Exploring ‘space’ with The Oscillation

British psychedelic band makes its Israel debut next week

THE OSCILLATION’S frontman Demian Castellanos (photo credit: Courtesy)
THE OSCILLATION’S frontman Demian Castellanos
(photo credit: Courtesy)
Multi-instrumentalist, songwriter and singer Demian Castellanos is best known as the driving force behind the psychedelic-rock group, The Oscillation. Castellanos was born in London, grew up in Cornwall and Venezuela and eventually returned to London. In 2006, he formed The Oscillation, alongside bassist Tom Relleen. Since then, the band has produced six albums, including the recently released Wasted Space. According to rock music and pop culture website The Quietus, “What Castellanos’s music creates is a sweeping collection of dramatic landscapes and graphic detail, with huge rolling guitar lines and intricate electronic sounds that scatter the relatively simple song formats.”
Ahead of The Oscillation’s Tel Aviv debut at Levontin 7 on November 17, The Jerusalem Post caught up with Castellanos to discuss his inspirations, perspective on the underground music scene and future collaborations. 
The Oscillation has a unique sound. Musically, who were you inspired by?
Jesus and Mary Chain, Tangerine Dream as well as 1960s stuff, like early Pink Floyd and The Chocolate Watchband. Also quite a lot of punk, from that period when it crossed into early goth, such as Siouxsie and the Banshees.
You’ve been a part of the London underground music scene for nearly a decade. Have you noticed any changes in the genre?
There is still interest in it; however it’s going through this thing where people are getting a bit bored of the word “psychedelic,” in London anyway, because it’s been a thing for quite a few years now. I remember when our first album came out 10 years ago, people had not really heard of bands like Spaceman 3 and Luton. Whereas now, with bands like The Brian Jonestown Massacre and The Black Angels, everyone has heard of them.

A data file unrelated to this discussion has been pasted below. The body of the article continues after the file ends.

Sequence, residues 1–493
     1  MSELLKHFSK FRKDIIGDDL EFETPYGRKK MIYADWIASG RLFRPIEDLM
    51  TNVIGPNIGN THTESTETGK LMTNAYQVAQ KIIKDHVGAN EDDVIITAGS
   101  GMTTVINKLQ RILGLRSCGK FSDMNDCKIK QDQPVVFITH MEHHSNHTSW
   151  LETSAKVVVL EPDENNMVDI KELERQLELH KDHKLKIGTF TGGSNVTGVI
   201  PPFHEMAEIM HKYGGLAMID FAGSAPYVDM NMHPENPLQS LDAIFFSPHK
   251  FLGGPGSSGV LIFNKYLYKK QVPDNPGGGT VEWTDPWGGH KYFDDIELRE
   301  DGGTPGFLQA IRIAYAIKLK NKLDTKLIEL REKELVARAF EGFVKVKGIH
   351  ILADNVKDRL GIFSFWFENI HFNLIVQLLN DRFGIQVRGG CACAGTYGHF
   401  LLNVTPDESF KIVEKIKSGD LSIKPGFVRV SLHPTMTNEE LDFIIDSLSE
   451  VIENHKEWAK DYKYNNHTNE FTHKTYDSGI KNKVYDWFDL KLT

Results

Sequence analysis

You mentioned in a previous interview that playing live goes against your comfort zone. Is that still the case?
The Oscillation was a project that I never intended to play live, and that is probably why I mentioned before that playing live goes against my comfort zone. Originally, I just wanted to hide behind a name and not even play live, and just sort of be an unknown person, like the Aphex Twin. So, then it kind of morphed into playing live. I did stop playing live for a bit and concentrated on recording but I do really like it.
Do you feel pressure to release new albums frequently?
The stuff I am working on, I try to record it without thinking that this has to be for The Oscillation and then I just see how it is when it’s finished. I imagine if you are in a really successful band with a huge machine behind it, there is probably a lot of pressure to write the next album, if you are a kind of marketable product like U2 or Madonna, or Ed Sheeran. It’s a huge financial thing behind it. With The Oscillation, we do music for the sake of doing music. I love it, and if I can make a living out of it that is great.
Where did you get the title for your new album?
The title “Wasted Space” has a lot of different connotations, it’s a bit self-deprecating, a waste space or wasted in space or space could just be wasted.
What does the concert have in store for your Israeli fans?
We will be performing as a three-piece (guitar, bass, drums), so it’s hard to play the really electronic stuff. We will be playing the songs we all like from the albums. That’s the good thing about having quite a few albums; we can pick the strongest songs and change them here and there with different arrangements. When you have repetitive music, it is interesting to find different ways of playing it.
What’s next for The Oscillation?
I’m collaborating with my bass player, Tom, we are doing our own thing, which will hopefully be released next year. That we are recording together. Everyone in the band has their own different projects. Most of the collaboration is happening as side projects from The Oscillation, but no so much within it. It’s been nice to collaborate.
Have you felt any pressure about touring in Israel?
My attitude toward playing is I just want to play to fans of the music. I don’t want to categorize every single person in the world or every single person in a country by what their government does. I’m half Venezuelan and Venezuelans have had a lot of shit going down, and I’m half English and there is a hell of a lot of shit going on here. I’m looking forward to coming. There hasn’t been direct criticism against the band, but I’ve been tagged on things. There are two sides to every story, but I am going to stick with my reasons for playing for people that appreciate the music.
For more info and tickets regarding the concert, visit www.levontin7.com